Prior to departure, Arizona PBS provided Wetmore with a camera to document the experience in preparation for an episode on Catalyst, a show that profiles ASU scientists and explorers as they make inventions and discoveries around the world. This particular episode is focused on the student experience. It is due to be part of this season, airing likely in May or June.

Student impact

Health science major Jackson Merten can attest to the lasting effect of the study abroad experience.

"After re-integrating with society on return from the most remote continent on the planet, I've found several differences in my life, shaped from the impact this program has made," he said. "Most central is the personal impact, the level of accomplishment I feel in having participated in one of the most unique programs any person, let alone a student, could have hope to be a part of. With this course, not only have we been able to see and step onto Antarctica ourselves, but we were encouraged to contribute to the discussion through field research and academic papers based in our own majors, standing on the shoulders of giants to share our perspective and thoughts on how to address the complex problems and challenges facing Antarctica today."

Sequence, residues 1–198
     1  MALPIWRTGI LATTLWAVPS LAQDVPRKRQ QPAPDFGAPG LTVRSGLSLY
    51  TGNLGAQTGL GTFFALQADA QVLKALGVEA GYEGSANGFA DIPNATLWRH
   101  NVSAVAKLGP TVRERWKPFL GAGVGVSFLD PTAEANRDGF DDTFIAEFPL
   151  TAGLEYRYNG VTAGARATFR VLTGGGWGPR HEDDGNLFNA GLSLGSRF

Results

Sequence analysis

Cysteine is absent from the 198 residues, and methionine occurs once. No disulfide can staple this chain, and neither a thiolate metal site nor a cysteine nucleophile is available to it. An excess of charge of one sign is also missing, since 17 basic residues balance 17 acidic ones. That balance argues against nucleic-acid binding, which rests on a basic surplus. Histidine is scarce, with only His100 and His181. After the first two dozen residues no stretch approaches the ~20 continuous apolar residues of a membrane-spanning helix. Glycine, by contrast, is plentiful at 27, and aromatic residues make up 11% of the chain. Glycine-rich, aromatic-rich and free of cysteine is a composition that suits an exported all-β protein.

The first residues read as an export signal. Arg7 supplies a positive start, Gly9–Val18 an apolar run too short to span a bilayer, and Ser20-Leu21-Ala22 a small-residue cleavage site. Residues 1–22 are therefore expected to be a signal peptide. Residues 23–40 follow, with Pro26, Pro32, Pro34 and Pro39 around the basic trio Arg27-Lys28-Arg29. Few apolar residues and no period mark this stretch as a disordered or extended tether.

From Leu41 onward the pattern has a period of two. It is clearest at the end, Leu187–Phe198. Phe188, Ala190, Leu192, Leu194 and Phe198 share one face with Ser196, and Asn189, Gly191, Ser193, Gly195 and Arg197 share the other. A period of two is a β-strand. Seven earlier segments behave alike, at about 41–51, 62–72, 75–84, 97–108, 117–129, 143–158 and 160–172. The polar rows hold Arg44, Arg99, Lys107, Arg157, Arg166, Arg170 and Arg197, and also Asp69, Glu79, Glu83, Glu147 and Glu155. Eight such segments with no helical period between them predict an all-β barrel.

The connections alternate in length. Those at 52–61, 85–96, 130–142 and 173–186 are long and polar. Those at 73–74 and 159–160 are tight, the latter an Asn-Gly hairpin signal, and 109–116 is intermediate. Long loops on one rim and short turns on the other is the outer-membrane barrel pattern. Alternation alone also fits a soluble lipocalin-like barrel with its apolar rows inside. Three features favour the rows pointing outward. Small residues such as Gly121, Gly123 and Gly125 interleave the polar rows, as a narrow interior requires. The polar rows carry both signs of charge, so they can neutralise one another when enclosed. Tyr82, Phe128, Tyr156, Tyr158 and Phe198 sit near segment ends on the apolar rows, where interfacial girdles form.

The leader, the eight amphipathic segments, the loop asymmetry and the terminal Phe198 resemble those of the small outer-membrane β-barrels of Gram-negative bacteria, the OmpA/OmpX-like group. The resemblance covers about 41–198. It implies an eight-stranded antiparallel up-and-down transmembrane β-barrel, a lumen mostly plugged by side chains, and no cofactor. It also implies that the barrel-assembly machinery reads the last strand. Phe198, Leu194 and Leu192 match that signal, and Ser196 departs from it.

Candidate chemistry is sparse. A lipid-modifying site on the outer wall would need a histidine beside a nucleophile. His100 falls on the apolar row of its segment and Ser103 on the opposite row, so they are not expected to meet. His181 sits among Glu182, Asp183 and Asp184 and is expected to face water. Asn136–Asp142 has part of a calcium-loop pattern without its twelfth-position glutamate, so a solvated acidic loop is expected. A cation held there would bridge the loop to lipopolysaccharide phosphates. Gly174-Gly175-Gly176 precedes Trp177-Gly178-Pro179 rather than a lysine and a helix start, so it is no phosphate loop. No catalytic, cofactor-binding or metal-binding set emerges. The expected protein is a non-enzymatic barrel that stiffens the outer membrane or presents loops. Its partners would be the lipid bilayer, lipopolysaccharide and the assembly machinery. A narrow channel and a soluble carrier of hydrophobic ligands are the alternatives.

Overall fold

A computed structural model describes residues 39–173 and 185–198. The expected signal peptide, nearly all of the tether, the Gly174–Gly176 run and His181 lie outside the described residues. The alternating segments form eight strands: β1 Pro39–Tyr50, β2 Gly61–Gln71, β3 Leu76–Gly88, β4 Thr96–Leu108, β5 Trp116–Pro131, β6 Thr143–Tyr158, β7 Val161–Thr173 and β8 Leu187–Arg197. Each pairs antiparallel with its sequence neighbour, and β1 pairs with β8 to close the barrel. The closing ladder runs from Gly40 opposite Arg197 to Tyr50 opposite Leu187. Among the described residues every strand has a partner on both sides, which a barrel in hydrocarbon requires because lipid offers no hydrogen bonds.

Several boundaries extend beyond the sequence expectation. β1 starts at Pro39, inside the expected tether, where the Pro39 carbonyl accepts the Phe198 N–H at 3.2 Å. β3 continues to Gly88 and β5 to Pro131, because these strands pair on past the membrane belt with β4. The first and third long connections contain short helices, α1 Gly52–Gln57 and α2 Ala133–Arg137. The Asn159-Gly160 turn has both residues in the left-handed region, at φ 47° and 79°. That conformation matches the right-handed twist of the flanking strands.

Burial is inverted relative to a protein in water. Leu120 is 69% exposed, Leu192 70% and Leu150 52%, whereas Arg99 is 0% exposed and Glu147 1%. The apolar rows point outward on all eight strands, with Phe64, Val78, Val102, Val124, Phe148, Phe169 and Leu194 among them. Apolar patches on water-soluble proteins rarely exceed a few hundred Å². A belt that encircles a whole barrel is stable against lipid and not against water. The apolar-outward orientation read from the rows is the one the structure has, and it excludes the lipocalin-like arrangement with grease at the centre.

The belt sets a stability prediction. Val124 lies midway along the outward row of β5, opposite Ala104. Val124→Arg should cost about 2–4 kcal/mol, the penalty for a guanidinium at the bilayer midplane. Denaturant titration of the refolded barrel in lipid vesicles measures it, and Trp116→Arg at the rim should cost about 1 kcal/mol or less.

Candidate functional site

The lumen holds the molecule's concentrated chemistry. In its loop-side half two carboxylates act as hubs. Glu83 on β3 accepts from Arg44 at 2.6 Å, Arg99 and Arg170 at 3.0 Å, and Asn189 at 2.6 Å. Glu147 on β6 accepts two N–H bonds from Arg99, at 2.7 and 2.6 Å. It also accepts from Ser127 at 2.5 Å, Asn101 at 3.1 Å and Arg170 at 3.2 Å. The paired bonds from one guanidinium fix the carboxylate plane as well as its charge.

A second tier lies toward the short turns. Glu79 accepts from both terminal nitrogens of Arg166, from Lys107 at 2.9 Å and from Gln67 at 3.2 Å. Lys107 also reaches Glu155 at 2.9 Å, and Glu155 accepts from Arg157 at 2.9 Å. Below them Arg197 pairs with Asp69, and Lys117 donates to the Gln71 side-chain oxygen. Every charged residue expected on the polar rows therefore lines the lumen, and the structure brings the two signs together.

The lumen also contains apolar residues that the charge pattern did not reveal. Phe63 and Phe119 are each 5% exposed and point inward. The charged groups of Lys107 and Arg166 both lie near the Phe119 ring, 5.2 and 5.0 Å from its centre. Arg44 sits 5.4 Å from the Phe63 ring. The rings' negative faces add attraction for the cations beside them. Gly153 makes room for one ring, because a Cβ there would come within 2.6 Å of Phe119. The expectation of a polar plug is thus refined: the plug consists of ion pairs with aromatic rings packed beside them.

This Global Intensive Experience program, Antarctica: The Frozen Continent will be running again in 2020. For questions about the program, please reach out to Diana Bowman or Jameson Wetmore.

To learn more about the 250-plus study abroad programs in more than 65 different countries offered at ASU, visit an upcoming event across ASU’s campuses this semester or see the Study Abroad Office website.

Top photo: ASU students hiking in the background amongst penguins in Antarctica. Photo courtesy of Jason Ransom